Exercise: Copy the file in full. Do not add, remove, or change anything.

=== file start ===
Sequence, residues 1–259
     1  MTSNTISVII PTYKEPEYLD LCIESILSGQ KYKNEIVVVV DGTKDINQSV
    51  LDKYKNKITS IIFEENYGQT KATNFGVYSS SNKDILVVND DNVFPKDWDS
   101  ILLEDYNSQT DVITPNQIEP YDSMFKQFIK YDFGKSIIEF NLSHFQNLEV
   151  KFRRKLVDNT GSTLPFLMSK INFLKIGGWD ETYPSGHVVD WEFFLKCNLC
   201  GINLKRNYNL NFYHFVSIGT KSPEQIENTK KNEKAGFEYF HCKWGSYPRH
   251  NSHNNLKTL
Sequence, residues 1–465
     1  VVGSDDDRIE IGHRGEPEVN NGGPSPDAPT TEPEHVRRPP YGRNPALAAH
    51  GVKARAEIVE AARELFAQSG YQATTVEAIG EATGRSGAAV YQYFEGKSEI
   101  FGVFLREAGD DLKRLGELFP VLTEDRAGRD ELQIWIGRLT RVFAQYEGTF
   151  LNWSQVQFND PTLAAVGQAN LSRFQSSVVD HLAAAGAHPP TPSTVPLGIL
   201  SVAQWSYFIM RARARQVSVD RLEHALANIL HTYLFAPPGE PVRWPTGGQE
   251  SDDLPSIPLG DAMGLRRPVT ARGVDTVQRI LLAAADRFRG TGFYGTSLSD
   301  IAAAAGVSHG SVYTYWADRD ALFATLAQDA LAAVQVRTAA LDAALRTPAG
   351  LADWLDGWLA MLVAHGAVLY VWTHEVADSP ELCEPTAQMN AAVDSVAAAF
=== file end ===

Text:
Sequence, residues 1–259
     1  MTSNTISVII PTYKEPEYLD LCIESILSGQ KYKNEIVVVV DGTKDINQSV
    51  LDKYKNKITS IIFEENYGQT KATNFGVYSS SNKDILVVND DNVFPKDWDS
   101  ILLEDYNSQT DVITPNQIEP YDSMFKQFIK YDFGKSIIEF NLSHFQNLEV
   151  KFRRKLVDNT GSTLPFLMSK INFLKIGGWD ETYPSGHVVD WEFFLKCNLC
   201  GINLKRNYNL NFYHFVSIGT KSPEQIENTK KNEKAGFEYF HCKWGSYPRH
   251  NSHNNLKTL
Sequence, residues 1–465
     1  VVGSDDDRIE IGHRGEPEVN NGGPSPDAPT TEPEHVRRPP YGRNPALAAH
    51  GVKARAEIVE AARELFAQSG YQATTVEAIG EATGRSGAAV YQYFEGKSEI
   101  FGVFLREAGD DLKRLGELFP VLTEDRAGRD ELQIWIGRLT RVFAQYEGTF
   151  LNWSQVQFND PTLAAVGQAN LSRFQSSVVD HLAAAGAHPP TPSTVPLGIL
   201  SVAQWSYFIM RARARQVSVD RLEHALANIL HTYLFAPPGE PVRWPTGGQE
   251  SDDLPSIPLG DAMGLRRPVT ARGVDTVQRI LLAAADRFRG TGFYGTSLSD
   301  IAAAAGVSHG SVYTYWADRD ALFATLAQDA LAAVQVRTAA LDAALRTPAG
   351  LADWLDGWLA MLVAHGAVLY VWTHEVADSP ELCEPTAQMN AAVDSVAAAF